Tag Archives | workers

Workers

It’s hot here in the desert.  Even now, in November, when people say “ah…the heat has broken,” we’re still talking 90F at midday.

The road I have to take to my house winds through a whole huge construction project designed to make room for even more cars and maybe a high-rise or two (Abu Dhabi loves itself some skyscrapers, the glassier the better).

The men who dig these roads (and build the skyscrapers) come from Kerala, Goa, Sri Lanka; Islamabad, Peshawar, Karachi — places that, until I moved out here, existed only on maps or in newscasts about “more violence.”

Sometimes, when I see a man lost in thought or resting in the shade, I imagine that he’s remembering his family “back home” (we all think about that place, backhome), or daydreaming about his wife/lover/child.  And then I think maybe it’s much more prosaic than that: what’s for dinner, my feet hurt, I’m hot.

Mostly, I think these guys are invisible — invisible in the sense that Marx writes about, that all laborers are essentially invisible — and in terms of what they wear: heads swathed in scarves (absorbs sweat, keeps the sand out of eyes, ears nose), bodies wrapped in company-issued coveralls.  Without these almost faceless bodies, however, the city would collapse back into sand and dust.

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Continue Reading · on November 14, 2013 in Abu Dhabi, environment, expat, NaBloPoMo, Politics, UAE

how hot is it? if you have to ask…

It’s summer.

We moved here last August and it was Very Hot.

It’s June 1 today and already it’s hotter now than it was last August.

How hot?  Really hot.

For those of you thinking “it’s a dry heat, though, so it’s not that bad,” let me adjust your perceptions: the city perches on the edge of the Gulf, which creates a lovely swamp-like effect, similar to what you get in New Orleans (but without the consolation of Cajun cooking or jazz).  Think air like hot wet towels, think Bikram yoga studio after a full day of sweaty-bodied yoga classes, think sauna.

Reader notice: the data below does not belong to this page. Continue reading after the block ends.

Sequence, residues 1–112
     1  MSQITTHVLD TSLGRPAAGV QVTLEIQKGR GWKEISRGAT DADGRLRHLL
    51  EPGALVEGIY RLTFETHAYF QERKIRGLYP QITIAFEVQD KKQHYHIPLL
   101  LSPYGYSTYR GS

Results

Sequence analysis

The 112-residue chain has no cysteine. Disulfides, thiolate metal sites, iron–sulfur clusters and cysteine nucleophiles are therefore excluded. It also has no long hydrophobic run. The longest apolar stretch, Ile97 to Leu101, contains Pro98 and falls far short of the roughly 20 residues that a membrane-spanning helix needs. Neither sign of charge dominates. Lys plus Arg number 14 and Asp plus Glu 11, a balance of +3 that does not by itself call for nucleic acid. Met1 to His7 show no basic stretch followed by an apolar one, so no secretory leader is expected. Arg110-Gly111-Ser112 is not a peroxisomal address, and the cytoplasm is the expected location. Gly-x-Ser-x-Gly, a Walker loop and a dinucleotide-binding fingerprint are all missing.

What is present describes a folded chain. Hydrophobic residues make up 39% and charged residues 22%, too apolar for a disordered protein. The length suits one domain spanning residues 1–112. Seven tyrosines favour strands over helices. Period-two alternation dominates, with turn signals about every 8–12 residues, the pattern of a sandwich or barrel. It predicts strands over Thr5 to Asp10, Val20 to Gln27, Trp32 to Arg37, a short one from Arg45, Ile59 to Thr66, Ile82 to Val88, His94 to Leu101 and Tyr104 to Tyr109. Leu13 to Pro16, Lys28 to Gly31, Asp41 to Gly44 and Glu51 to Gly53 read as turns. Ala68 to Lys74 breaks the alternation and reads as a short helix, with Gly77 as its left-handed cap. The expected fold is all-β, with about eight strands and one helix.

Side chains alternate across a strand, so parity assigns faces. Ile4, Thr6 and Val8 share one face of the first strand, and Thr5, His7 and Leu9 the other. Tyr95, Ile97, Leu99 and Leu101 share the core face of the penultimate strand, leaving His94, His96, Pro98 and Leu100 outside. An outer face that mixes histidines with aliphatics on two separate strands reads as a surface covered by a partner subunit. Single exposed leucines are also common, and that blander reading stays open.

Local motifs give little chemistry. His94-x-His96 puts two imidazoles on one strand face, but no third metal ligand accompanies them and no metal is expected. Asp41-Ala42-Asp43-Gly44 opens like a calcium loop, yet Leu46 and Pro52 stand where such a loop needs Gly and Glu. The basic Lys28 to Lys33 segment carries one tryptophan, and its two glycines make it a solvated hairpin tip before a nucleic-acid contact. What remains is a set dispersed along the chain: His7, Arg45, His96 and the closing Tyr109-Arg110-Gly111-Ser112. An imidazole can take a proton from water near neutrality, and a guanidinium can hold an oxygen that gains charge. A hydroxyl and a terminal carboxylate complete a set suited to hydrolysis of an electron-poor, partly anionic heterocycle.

And even in New Orleans, I bet residents don’t get warnings like this one:

“As advised by the UAE Defence Ministry, car owners should not fill their fuel tank to full, as for the next few weeks temperature will climb up to 53-54 degrees which can cause the fuel tank to burst/explode. Please pass this message to all your contacts, as all of us here are in the habit of filling our car tanks to full. Please remember that prevention is better than cure and enjoy safe motoring.”

For those of you not celsius-savvy, 53-54 is about 120F.  And yes, I do believe you could cook an egg on the sidewalk.

Or maybe this notice in the newspaper the other day:

“The midday break for outdoor labourers will be from June 15 to September 15, the Ministry of Labour said yesterday. Working outside will be banned from 12.30 to 3pm, and companies must provide water and shaded areas for labourers.  Each violation carries a Dh15,000 penalty.”

True, it does seem that water and shaded areas should be provided as a matter of course, but… hey, we’re talking about laborers here, which in Abu Dhabi seems to be a category sometimes unrelated to “people.”

So yeah. It’s hot. So hot that I bet even Cole Porter couldn’t make a song of it.

Continue Reading · on June 1, 2012 in Abu Dhabi, environment

the invisible labor of vacation

Our vacation in the Maldives a few weeks ago was perfect, and that’s all I’m going to say about that.

It seemed as if we were in a natural paradise…but “natural,” these days, isn’t always what it seems:

There were no mosquitoes:

The beaches were clean and smooth:

There were lovely palm frond shelters around the pool and along the beach:

Someone walked around almost every evening at dusk and fumigated for mosquitoes; teams of men raked the beach in the early morning and late afternoon; these women sat for hours one day and wove new “native” shelters for the poolside cabanas.

One of the divers, Sabu, who led the snorkel trips had worked at Kandooma for four years. He, and a number of other workers, live on the island directly across the channel from the resort:

Sabu likes the Maldives, loves the water. But when he looks across the channel from his village to the resort, I don’t think he sees Paradise.

I think he sees a job.

Continue Reading · on April 1, 2012 in Abu Dhabi, expat, Travel

Tiffins

The men who work in our apartment building as cleaners often bring their lunch to work in tiffins: lunchpails that separate into little dishes.  One worker is dispatched to buy drinks for the group and then they sit in a patch of shade outside for their meal.

 

this is the first photo I’ve used from lightroom – thanks to Stasha B for her continued patience with me – you’re a great photo yoda, Stasha!

 

Continue Reading · on January 18, 2012 in Abu Dhabi, street notes, UAE

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